Looking to figure out who’s who in your sea of applicants? If you’re using search engines or social media, you’re in good company.
More and more employers are going online to learn more about their job applicants before hiring them, casting their nets to surface the information that can help distinguish between a top recruit and a catastrophic hire. Employers today know that online or offline, every employee represents your brand no matter what role they play. With employer liability insurance now costing more than $2.1 billion per year and entire merger outcomes changing due to toxic employee behavior, the number of employers looking for a digital deep-dive on their candidates is swelling.
Today, over 70% of employers are manually screening applicants. In other words, over 13,000 large U.S. businesses and 4.2 million small and medium enterprises are searching candidates online, but few have considered the costs. How much will it cost to screen all these candidates by hand? How do you make sure each profile matches the individual in question, and how do you make sure you don’t miss the critical detail that makes all the difference? Manual screening can lead employers to spending thousands of dollars on research, only to misidentify a critical profile or make a costly oversight.
Beyond being a financial and logistical burden, manual screening can also land your business in legal hot water. Without a properly documented process, for example, it becomes easy to exclusively research certain candidates without realizing they all fall under a protected class. This is a lawsuit waiting to happen. Whether you are later charged for discrimination under the EEOC or for negligent hiring under the FCRA, manual screening can lead companies to join the ranks of those who have paid big for non-compliance. In the last three years, these six companies have lost a collective $18 million:
Companies have paid millions of dollars for improper screening of candidates
Whole Foods paid $803,000 for improper disclosure of background screening (2015).
BMW paid $1.6 million to settle a lawsuit for discriminatory background checks (2015).
Home Depot lost $1.8 million for improper disclosure of background screenings (2015).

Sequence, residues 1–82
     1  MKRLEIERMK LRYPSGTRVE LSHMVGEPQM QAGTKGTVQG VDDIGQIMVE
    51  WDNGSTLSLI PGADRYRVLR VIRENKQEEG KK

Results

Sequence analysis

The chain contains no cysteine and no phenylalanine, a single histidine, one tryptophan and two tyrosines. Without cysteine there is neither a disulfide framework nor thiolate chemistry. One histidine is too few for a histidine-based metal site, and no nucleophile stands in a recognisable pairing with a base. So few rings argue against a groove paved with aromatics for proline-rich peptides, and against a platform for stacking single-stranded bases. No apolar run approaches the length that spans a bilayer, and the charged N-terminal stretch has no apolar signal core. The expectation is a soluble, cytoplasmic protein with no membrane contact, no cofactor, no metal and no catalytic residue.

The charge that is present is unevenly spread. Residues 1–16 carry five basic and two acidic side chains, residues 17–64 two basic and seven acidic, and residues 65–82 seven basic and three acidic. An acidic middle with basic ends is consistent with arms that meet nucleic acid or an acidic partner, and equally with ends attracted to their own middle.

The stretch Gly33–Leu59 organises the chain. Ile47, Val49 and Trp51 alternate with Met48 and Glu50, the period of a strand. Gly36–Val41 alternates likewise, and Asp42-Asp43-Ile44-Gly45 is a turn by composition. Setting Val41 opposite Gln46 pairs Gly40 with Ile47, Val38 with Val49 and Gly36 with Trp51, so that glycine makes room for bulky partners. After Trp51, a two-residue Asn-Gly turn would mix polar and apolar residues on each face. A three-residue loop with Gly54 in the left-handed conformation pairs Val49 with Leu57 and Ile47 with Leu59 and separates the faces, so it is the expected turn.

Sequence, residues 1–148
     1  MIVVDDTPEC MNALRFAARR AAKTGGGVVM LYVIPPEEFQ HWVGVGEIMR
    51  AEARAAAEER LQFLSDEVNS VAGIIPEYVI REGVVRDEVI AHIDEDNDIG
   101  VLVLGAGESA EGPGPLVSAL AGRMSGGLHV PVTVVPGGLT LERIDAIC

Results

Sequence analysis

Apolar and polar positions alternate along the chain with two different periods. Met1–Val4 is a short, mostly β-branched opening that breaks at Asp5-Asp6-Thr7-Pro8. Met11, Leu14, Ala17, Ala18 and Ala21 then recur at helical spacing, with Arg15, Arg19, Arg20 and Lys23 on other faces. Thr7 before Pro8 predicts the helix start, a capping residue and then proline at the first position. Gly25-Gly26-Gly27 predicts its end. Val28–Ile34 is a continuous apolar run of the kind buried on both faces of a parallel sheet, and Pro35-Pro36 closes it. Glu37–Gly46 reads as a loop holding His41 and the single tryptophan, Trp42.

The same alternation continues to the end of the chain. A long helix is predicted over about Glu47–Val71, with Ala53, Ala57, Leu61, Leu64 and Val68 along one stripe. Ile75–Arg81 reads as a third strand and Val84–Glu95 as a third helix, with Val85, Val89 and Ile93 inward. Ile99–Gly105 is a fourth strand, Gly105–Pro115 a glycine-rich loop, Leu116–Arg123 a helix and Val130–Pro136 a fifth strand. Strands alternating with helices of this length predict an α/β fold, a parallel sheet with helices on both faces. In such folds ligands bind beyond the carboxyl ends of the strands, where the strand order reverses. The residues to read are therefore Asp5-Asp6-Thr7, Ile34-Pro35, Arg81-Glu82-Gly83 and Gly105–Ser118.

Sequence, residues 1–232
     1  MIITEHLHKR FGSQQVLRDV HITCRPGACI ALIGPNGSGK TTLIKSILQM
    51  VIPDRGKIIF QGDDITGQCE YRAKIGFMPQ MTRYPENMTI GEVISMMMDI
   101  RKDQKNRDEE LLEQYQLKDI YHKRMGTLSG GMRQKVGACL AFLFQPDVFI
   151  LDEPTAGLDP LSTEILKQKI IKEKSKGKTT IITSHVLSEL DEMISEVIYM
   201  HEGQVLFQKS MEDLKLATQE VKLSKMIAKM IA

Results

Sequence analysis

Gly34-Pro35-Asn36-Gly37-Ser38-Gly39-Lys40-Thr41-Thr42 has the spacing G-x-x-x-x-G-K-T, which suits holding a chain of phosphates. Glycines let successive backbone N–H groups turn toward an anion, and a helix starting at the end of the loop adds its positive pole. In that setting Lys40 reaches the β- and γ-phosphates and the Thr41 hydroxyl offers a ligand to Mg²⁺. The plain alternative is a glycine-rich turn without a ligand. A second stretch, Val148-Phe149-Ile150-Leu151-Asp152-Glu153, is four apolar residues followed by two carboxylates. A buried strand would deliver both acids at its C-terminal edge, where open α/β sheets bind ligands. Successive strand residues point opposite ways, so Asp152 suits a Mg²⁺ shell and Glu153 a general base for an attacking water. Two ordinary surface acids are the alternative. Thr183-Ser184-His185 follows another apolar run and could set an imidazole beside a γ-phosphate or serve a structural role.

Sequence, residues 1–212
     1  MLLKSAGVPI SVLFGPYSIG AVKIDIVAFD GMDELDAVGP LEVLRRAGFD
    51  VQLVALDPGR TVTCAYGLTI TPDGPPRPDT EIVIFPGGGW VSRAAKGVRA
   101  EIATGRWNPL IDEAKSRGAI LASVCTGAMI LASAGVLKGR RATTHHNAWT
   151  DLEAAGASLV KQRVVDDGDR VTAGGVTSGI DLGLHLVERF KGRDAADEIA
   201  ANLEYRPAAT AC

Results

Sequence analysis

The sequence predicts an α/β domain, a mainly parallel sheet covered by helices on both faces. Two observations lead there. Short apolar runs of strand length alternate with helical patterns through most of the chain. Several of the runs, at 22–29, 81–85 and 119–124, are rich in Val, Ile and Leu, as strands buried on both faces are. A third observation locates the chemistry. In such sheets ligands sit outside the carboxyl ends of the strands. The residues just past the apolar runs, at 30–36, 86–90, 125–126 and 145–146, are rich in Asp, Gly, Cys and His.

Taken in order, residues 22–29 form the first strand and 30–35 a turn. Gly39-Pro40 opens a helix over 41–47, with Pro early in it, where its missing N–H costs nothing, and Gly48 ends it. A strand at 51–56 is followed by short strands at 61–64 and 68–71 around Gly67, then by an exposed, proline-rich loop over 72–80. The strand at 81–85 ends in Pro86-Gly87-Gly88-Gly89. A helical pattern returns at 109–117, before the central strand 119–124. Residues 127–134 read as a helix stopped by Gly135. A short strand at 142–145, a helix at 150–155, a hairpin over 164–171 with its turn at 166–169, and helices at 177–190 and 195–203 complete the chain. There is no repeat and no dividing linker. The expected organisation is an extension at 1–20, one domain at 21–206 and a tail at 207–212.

Uber paid $7.5 million for screening and later terminating drivers without consent (2016).
Avis lost $2.7 million for acting on job-related content older than 7 years old (2017).
To ensure full compliance, companies need to adopt a set of best practices for online screening that includes involving the candidate in the hiring process, avoiding protected classes of information, and making principled hiring decisions. If not, they risk getting caught in a storm of mass employment lawsuits. Manual online screening has grown by over 500 percent over the last 12 years. Along with it, FCRA litigations have quadrupled, growing over 400 percent without a decrease in over eight years.
As both toxic employee behavior and employment lawsuits continue to trend upward, applicants are not only wreaking havoc once they get into a company—they are now so highly attuned to non-compliant practices that some will submit defective applications for the sole purpose of litigation before they ever walk into an interview. When it comes to pre-employment screening, companies must find a way to screen at high volumes with rigid compliance or face the consequences.
In an age where the tide of litigation is rising and punitive damages are awarded on semantics, employers must do everything they can to protect their brand from bad hires while bringing the right people on board. But to navigate the harsh legal currents, we need stronger, sharper, and more compliant tools to deal with an ocean of online content and properly sail the digital seas.
Disclaimer: Please note that the materials available in this post are for informational purposes only and not for the purpose of providing legal advice. You should contact your attorney to obtain advice with respect to any particular issue or problem.